On December 16th, the TFS Drama Club was proud to feature three productions of the play Sisters by Wendy Lill. The production was directed by TFS Principal Mr. Gaudet and the score, partly inspired by the Honour Song of the Mi’kmaq, was composed by Level V student Jason C., who subsequently directed a band of four extraordinary musicians: Ms. Oliver and Level Vs Beatrice C., Nathalie J., and Aidan T.. The cast was composed of five talented actors: Emilie A., Laura H., Reece L., Cassandra P. and Maggie W.. Oh, and I was in it too. The cast received indispensable support from teachers Mr. Doughty and Mme. Cholette, and Level V student Shaw Zhang. To all the people involved with Sisters and to all student and staff audience members, I would like to express my unending gratitude for supporting my dream of helping perpetuate the performing arts at TFS.
But why, exactly, do us theatre peeps do what we do? Why spend three months of our time relentlessly rehearsing for something that’ll have a final product of only two hours? Why put ourselves in a position where hundreds of pairs of eyes are glued to us as we expose our deepest vulnerabilities? The answer lies in an actor’s almost irrational adoration for art and what it stands for; in other words, in an actor’s ability to communicate a powerful message to the audience.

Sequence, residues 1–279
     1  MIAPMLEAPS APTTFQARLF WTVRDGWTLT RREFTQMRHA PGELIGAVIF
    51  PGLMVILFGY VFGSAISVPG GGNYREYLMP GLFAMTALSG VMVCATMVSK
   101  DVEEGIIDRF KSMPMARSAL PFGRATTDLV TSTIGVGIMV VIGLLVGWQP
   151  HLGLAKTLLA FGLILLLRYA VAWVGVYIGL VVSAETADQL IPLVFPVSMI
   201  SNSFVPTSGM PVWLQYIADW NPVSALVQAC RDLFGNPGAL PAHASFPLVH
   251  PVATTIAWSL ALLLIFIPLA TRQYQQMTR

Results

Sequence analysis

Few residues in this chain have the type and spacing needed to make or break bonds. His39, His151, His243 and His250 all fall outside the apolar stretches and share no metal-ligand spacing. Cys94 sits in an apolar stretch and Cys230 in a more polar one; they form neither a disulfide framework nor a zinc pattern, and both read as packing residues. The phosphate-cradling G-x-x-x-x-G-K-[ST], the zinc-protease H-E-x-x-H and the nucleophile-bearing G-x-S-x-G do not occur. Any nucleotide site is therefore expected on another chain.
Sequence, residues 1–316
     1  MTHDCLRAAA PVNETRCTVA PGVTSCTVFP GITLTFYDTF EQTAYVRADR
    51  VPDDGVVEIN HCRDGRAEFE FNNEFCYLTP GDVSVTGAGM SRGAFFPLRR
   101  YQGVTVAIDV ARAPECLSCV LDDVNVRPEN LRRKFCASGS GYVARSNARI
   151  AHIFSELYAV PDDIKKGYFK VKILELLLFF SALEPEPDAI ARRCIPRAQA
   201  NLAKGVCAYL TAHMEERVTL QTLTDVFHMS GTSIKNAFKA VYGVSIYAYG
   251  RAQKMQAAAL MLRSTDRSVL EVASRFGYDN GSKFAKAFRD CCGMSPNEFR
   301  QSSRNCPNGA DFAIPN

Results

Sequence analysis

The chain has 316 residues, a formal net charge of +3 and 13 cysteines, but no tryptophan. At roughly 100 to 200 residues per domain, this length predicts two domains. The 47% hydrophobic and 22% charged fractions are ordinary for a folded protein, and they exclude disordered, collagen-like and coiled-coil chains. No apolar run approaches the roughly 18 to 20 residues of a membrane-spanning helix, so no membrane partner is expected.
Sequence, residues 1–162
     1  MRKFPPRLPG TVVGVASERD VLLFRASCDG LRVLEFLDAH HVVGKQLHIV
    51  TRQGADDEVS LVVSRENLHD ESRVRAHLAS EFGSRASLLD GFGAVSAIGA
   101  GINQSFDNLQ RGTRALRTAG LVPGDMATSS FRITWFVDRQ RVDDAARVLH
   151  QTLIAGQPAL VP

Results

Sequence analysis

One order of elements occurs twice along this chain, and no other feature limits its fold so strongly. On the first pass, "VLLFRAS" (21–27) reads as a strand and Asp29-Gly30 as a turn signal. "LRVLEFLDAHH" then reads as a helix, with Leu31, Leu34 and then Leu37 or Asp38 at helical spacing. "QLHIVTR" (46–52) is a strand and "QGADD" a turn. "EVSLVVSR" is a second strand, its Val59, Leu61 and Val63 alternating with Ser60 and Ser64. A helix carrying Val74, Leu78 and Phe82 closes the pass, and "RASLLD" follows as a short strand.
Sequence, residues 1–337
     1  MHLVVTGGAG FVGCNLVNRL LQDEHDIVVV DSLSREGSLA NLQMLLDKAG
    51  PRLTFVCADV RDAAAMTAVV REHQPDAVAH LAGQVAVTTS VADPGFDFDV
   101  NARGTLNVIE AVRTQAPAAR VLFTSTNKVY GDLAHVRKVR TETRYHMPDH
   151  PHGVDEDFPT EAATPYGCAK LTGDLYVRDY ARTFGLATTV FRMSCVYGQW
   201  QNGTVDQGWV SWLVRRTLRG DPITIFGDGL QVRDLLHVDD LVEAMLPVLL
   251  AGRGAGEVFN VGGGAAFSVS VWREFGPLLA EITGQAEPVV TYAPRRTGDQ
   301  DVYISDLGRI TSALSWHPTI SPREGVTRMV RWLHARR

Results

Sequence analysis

Sisters is a damning play that explores the sickening events of our country’s recent history – events that, to many Canadians, remain unknown. Indigenous peoples are Canadians whose cries for help are drowned out every passing day. The consequences of residential school continue to affect Indigenous Canadians today. In preparation for Sisters, I began to learn more about the horrific reality of residential schools, which heightened my desire to share Wendy Lill’s complex and thoughtful play with the TFS community. This is why plays like Sisters are important: they accurately capture moments of raw humanity and affect the audience on an emotional level, which is something that many other mediums are unable to pull off. Through the engaging platform of theatre, artists are able to raise awareness for issues that matter to them in hopes of contributing to a solution. This is something that makes art beautiful. Art shapes who we are in a subtle and significant way, often going under-appreciated.
We are in a unique position, as fortunate individuals and ‘citizens who reflect’, that compels us to make drastic changes for the better. I encourage you, dear reader, to never fret self-expression, whether it is through the arts or not. It only takes one person to start a movement, so don’t be afraid to try.